If you want to make yourself a quilt you can find the other stages here:

Choosing Fabric
Fabric Cutting
Assembling the Quilt Top
Making the Quilt Sandwich

Make a Chalkboard Pinboard

I have already shared with you about the Nearly Christmas Mini Craft Fair and I mentioned this board we used to display our prices (I removed the prices for the blog because these may change). It isn't just a chalk board though, oh no, it's much more than just a chalk board. Its a pinboard too! Well OK I know its not a surprise now because you read it in the title but still.

You could easily make one of these yourself out of a pin board and some chalkboard paint and use any where and for any purpose but I always had the craft fair in mind. That didn't stop me letting my daughter Romilly go wild with a chalk on it before we needed it though.

When we no longer need it for craft fairs I may put it up in her room to display her 'craft' and draw pictures on. Such fun! Zoe xx

Make a Quick Infinity Scarf

With the weather getting colder by the day around here I found myself needing a few extra scarfs so naturally I made one and it was SO easy. If you have a sewing machine sitting around and have never used it but really want to learn, then this project is for you. Or if you have a metre of fabric left over from something else and just want it to go to good use, then this is a good project for you too. I fell into the second category, my fabric was leftover form making this tunic dress and I liked it so much I wanted to use it. It took me about 15 minutes to make because it's very easy and doesn't require any measuring. All you need is 1m (approx) of fabric, some fabric scissors and a sewing machine.

Take your fabric and cut it in half carefully but it doesn't need to be too precise.

Then put these two pieces right sides together and straight stitch along one of the short sides. Then open out, no need to press, it will have a little more volume if you just leave it as it is.

Then fold it in half lengthways and right sides together and then stitch along the long open edge to make a very long thin tube.

Now you need to turn the tube right side out:

And turn it round to make a circle shape and tuck one end into the other. Try to get them to lie flat together and then you carefully turn over the outside piece to hide the cut end and make a hem. You can pin this if you have pins.

Then you simply stitch along this edge, turn it over, tuck the other side in a stitch again. Its not the neatest finish but its quick and simple and you can hide this round the back any way.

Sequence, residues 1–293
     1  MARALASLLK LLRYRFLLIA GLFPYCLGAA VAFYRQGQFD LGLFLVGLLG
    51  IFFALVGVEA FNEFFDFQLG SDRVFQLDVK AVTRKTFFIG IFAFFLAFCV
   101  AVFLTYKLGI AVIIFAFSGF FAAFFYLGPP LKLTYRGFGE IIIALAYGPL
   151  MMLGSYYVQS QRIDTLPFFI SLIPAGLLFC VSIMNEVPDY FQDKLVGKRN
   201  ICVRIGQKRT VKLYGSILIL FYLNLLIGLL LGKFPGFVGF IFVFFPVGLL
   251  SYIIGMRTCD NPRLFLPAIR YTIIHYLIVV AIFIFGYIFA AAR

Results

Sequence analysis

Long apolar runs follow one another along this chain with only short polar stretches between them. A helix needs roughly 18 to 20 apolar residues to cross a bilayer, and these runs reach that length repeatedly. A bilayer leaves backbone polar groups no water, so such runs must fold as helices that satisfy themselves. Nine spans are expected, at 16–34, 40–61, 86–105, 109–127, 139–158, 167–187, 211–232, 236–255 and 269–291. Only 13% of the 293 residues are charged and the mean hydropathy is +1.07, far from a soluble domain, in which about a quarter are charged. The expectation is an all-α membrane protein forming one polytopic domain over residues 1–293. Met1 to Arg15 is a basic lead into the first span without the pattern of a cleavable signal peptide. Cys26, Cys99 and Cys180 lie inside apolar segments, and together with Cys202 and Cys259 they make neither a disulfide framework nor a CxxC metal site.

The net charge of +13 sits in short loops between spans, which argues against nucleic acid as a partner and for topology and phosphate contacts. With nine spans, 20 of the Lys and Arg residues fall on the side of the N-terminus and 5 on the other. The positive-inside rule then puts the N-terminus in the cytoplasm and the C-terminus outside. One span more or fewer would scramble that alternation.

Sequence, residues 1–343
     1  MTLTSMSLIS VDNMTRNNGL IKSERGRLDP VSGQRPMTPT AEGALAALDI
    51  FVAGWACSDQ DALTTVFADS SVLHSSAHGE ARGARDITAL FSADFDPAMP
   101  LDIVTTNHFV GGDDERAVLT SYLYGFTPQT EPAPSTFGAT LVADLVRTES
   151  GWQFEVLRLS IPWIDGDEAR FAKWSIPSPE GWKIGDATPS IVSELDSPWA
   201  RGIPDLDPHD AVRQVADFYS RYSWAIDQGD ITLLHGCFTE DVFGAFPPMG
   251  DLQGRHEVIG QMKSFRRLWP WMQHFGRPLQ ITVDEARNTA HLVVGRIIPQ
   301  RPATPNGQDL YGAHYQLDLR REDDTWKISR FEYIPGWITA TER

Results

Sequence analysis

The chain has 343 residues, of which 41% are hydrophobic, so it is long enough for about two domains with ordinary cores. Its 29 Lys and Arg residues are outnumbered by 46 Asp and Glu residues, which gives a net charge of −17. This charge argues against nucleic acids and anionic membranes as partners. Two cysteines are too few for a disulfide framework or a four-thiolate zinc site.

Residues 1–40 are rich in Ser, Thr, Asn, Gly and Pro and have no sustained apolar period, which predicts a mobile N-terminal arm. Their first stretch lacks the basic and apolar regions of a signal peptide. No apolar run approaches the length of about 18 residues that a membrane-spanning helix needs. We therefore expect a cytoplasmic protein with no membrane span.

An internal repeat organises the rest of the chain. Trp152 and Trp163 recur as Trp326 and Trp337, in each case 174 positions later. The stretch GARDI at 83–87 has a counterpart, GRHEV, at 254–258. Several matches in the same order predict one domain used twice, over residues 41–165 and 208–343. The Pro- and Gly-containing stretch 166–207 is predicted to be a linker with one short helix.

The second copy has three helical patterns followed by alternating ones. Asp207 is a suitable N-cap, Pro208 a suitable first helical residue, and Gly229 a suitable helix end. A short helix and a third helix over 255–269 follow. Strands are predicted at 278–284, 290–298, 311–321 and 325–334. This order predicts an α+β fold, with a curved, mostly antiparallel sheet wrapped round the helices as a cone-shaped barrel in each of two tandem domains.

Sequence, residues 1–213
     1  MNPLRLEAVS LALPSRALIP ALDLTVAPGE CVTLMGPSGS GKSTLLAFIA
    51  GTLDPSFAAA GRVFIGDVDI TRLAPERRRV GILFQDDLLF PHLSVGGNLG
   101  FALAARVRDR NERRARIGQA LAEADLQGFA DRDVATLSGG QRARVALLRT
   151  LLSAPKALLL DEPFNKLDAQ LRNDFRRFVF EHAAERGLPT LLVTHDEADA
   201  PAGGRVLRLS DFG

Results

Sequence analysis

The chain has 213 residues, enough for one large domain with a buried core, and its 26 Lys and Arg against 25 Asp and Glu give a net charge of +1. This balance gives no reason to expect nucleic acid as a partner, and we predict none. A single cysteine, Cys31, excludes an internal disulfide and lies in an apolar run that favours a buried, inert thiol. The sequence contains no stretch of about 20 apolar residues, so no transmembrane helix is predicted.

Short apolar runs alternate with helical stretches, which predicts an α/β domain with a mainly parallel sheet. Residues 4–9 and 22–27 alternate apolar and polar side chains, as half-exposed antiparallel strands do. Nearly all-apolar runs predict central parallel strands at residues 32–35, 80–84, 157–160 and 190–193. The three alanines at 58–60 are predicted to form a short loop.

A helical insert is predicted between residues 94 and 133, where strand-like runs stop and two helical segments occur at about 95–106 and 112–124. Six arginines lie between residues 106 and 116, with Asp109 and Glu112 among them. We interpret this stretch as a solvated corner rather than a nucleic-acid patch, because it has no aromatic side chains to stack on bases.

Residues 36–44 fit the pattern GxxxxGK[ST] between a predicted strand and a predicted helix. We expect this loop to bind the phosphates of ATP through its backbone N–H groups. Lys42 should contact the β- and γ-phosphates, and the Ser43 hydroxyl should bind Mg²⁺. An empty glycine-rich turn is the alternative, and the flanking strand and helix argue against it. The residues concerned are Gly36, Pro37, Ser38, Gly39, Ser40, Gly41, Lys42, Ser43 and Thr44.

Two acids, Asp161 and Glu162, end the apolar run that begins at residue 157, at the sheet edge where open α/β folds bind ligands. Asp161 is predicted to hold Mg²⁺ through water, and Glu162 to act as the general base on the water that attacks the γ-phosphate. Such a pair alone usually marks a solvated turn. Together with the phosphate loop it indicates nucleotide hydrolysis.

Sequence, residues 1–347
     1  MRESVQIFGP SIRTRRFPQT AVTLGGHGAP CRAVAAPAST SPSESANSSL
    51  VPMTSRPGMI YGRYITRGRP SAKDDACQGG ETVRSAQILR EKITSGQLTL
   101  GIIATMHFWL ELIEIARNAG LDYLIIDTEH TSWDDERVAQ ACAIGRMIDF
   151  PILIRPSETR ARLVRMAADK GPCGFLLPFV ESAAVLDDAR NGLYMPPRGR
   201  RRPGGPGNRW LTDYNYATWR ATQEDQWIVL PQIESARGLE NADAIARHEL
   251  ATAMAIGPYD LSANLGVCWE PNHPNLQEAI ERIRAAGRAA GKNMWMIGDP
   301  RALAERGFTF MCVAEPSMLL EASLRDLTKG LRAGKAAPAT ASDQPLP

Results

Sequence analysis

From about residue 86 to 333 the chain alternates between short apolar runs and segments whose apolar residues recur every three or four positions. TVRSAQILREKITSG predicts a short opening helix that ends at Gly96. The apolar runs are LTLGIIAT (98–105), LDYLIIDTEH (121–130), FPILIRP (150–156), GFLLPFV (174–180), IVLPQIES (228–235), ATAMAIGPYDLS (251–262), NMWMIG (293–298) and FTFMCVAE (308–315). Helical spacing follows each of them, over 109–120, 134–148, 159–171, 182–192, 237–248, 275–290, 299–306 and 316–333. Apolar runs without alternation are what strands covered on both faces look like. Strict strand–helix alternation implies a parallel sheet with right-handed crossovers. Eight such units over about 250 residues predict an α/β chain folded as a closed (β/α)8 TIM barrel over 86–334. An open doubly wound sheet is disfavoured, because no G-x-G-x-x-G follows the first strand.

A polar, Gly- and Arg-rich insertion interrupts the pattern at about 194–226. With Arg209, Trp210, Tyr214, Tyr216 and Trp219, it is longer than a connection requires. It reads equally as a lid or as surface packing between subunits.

All you need to do now is trim your threads and put it on. Put it over your head, twist it and put it over your head again. You can puff it out a little and your set to take your own infinity scarf selfie:

I need to work on my selfie skills apparently! If you've thinking of starting sewing then why not try this super simple scarf? Zoe xx

Nearly Christmas Mini Craft Fair

Last week we had a really fun evening having our very first taste at selling our own goods at our Nearly Christmas Mini Craft Fair. It was a good evening with some friends and we learned a lot. Here are a few pictures of the things we were selling and a little list. I have removed the prices from the pictures because some of these may change.

We made a chalkboard to display all our prices (I'll share about this soon too) and we had lots of cake including rocky road and squidgey apple cake, no pictures of these sorry. We also confused the kids by getting the christmas decorations out, they thought it must be time to start hanging stocking and waiting for Father Christmas too.

We will be attending a couple of local craft fairs too and we will keep you posted about those if you are interested. Happy Nearly Christmas. Zoe and Cassie. xx

Angry Birds Cake

At the weekend it was Boaz's party and I made him an angry birds cake of course. You probably already saw the crocheted angry birds I made for him and he loved these. I modelled the birds and pigs out of fondant icing for this cake.

While I am not cake making expert I have learned a thing or two about icing over the last few years so here are my top tips:

1. You don't need lots of fancy equipment to make decent icing figures, I usually just use my hands and a knife. Sometimes I use the knife handle to make blunter dents and I have used cocktails sticks too but nothing fancy or expensive.